10-The pine boughs are perfect for making soft beds. A few layers of pine boughs will keep you off the ground and help prevent the cold seeping into your clothes and chilling you when you are on the ground.

11-Dry pine needles make some of the best tinder. Look under a pine tree and collect the brown needles that have fallen. If a fire is fading, adding a handful of dry needles will make it flame up and bring it back to life.

pine-needles

12-Pine pitch glue requires a little more work than simply scraping the resin, but it is a very useful tool in making fishing equipment, fletching arrows, patching holes in a tarp and even as a way to waterproof your shoes and gear. Research how to make the glue and commit it to memory.

13-Pine trees make excellent emergency shelters. The thick boughs create a space around the base of the tree that remains relatively dry. If you need somewhere to get out of the rain, snow or even strong winds, the shelter under the tree is quite good. Adding a tarp or emergency blanket around the sides provides you with somewhere to get out of the weather.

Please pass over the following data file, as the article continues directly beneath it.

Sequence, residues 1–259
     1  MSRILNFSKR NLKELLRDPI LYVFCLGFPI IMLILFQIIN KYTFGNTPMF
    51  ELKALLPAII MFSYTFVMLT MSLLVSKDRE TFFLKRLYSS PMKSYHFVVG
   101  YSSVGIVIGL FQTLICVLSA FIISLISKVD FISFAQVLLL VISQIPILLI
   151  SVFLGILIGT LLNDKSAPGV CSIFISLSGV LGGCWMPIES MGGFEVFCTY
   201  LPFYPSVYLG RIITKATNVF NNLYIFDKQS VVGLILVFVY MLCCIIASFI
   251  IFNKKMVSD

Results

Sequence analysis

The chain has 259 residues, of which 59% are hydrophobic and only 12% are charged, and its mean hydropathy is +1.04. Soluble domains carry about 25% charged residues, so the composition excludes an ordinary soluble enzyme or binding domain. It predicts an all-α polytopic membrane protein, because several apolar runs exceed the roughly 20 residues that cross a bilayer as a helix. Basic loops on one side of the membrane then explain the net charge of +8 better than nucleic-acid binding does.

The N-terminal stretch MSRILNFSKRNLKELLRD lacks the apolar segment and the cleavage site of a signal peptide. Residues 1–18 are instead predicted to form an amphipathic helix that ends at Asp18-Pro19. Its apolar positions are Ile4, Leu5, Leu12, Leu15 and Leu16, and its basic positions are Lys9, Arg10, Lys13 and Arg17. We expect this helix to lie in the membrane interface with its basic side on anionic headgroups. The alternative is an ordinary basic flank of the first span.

14-Pine trees shed wood throughout the year. The dead limbs that litter the ground are perfect for burning in a fire. Pine wood isn’t exactly ideal for producing a hot, long lasting fire, but it does burn easily. If you are trying to make a signal fire, burning the dry stuff to get the fire hot and then adding some green pine boughs will produce a thick, white smoke that will alert rescuers to your location.

Dave Steen

About The Author: Dave is a 58 year old survivalist; father of three; with over 40 years of survival experience. He started young, learning survival the hard way, in the school of hard knocks. Now, after years of study, he's gray-haired and slightly overweight. That hasn't dimmed his interest in survival though. If anything, Dave has a greater commitment to survival than ever, so that he can protect his family. Click Here To Read More About Dave